Lee Hillman, of Backbeat Records in Nambour, is covered for today’s International Record Store Day.
Lee Hillman, of Backbeat Records in Nambour, is covered for today’s International Record Store Day. John Mccutcheon

Where music goes round and round

DROP your smartphone down the toilet, smash up your computer's hard drive and embrace music the way it should be heard.

Today is International Record Store Day, when vinyl lovers can celebrate the culture of the independently owned music outlet.

Nambour will be the Coast's vinyl epicentre today, with promotions, offers, live music and pure analogue needle-in-the-groove sounds from the town's Backbeat Records and The Time Machine record stores.

"Last year's Record Store Day was the biggest trading day I've seen in 18 years of business on the Sunshine Coast," Lee Hillman, of Backbeat Records, said.

Publicity surrounding the event and a resurgence in the popularity of vinyl were the reasons behind last year's success, Mr Hillman said, and he's hoping for a repeat this year.

"There's supposedly been an increase in vinyl sales of 70% in the past year," he said.

"So in the age of digital downloads, it's nice to keep these institutions going."

Alongside live music at both Nambour venues, Backbeat Records is offering $3 off all vinyl, and bargain-bin records will be half-price on the day, while The Time Machine is offering 15% vinyl discounts.

Do you still own any vinyl records?

This poll ended on 26 April 2014.

Current Results

You bet. I’ve got a cupboard full.

83%

Only a couple of my old favourites.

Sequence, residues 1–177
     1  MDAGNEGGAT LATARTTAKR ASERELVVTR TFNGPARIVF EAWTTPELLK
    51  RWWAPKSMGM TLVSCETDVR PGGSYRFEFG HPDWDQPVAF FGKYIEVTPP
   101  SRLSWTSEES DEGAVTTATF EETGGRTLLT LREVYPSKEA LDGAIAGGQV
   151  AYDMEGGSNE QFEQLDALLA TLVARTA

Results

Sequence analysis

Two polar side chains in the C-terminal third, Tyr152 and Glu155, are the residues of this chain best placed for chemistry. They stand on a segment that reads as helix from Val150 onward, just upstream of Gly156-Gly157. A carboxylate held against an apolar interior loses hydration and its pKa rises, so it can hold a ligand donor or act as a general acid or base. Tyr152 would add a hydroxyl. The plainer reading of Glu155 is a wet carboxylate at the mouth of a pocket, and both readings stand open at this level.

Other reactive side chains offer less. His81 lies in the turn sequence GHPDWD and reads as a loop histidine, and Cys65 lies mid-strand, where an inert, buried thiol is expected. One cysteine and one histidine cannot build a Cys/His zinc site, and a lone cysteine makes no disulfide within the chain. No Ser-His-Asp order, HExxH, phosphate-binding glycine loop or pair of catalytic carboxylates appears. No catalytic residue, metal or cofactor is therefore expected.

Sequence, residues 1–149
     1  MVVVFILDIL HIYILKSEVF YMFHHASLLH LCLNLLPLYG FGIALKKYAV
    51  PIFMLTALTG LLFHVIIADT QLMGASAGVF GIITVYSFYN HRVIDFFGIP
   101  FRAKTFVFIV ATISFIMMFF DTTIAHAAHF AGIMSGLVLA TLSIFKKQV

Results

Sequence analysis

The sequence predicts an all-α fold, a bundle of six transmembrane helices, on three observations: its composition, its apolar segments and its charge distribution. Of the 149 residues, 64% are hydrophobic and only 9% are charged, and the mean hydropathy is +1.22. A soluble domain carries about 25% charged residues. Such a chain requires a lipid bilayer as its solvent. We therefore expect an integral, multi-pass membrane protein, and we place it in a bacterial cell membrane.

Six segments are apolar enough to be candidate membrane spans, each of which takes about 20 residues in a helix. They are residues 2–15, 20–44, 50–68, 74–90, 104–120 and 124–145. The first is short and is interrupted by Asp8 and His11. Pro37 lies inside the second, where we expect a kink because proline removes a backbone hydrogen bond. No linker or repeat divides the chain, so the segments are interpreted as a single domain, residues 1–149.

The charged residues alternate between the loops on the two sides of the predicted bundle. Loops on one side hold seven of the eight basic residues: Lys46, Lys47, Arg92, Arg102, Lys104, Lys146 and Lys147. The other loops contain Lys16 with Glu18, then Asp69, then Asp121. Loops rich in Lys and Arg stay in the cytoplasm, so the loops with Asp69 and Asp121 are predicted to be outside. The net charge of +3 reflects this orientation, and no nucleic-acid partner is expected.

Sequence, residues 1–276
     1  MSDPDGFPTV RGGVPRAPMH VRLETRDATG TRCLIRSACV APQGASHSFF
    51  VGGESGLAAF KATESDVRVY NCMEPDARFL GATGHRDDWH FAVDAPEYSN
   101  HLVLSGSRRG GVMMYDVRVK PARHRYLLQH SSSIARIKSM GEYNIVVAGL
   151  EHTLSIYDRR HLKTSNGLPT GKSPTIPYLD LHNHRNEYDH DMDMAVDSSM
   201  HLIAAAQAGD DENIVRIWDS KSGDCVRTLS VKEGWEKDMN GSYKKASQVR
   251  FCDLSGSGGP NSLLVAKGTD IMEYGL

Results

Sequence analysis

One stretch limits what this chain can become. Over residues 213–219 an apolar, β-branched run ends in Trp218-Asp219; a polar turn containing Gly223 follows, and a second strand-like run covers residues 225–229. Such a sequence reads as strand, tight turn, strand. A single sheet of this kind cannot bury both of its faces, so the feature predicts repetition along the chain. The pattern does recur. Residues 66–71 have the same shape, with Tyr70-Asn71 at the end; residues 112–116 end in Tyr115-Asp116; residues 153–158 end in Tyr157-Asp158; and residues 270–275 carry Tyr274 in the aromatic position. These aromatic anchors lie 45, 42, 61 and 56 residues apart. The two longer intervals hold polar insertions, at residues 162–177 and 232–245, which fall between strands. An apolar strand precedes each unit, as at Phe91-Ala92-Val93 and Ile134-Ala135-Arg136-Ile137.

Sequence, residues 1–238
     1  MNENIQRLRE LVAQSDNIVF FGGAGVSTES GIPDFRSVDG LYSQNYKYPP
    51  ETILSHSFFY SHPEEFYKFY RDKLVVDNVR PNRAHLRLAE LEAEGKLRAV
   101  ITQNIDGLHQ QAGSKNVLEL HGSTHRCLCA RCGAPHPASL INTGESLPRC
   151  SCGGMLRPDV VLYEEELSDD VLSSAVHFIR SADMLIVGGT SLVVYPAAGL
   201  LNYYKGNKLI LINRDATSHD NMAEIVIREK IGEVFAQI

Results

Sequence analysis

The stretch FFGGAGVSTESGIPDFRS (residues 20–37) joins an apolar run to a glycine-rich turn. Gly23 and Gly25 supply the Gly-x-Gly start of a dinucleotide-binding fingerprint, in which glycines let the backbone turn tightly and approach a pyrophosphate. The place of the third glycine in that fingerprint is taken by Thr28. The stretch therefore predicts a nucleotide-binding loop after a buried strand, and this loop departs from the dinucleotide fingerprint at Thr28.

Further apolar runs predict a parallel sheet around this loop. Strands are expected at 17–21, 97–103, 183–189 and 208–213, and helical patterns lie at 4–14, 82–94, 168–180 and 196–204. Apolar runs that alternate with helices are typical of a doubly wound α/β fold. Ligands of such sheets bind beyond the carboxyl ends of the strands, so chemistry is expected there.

13%

Vinyl records? Were they before or after cassettes?

0%

If you can‘t download it, it doesn’t count.

2%

This is not a scientific poll. The results reflect only the opinions of those who chose to participate.

 

Record record prices

Some of the world's most valuable LPs.

 Wu-Tang Clan's The Wu - Once Upon A Time In Shaolin. Only one copy in existence. Billboard magazine claims reputed offers up to $US5 million

 The Quarrymen's That'll Be the Day/In Spite of All the Danger. Only one copy exists, owned by Sir Paul McCartney. Valued at £200,000 in 2012.

 The Beatles' Sgt Pepper signed by all four of The Beatles, sold for $US290,500 in 2013.

A history of vinyl:

The phonograph was invented by Thomas Edison in 1877, with flat discs (replacing cylinders) introduced in 1887.

In 1930 the first vinyl plastic discs were sold.

Columbia Records gave us the first LP (Long Play) 33⅓ rpm vinyl record - by Frank Sinatra - in 1948, and this size became the industry standard.

The average LP has nearly half-a-kilometre of groove on each side.

In 2012 4.6-million vinyl records were sold in the USA alone.

ARIA reported this year that Australian record sales in 2013 rose 77% on the previous year.



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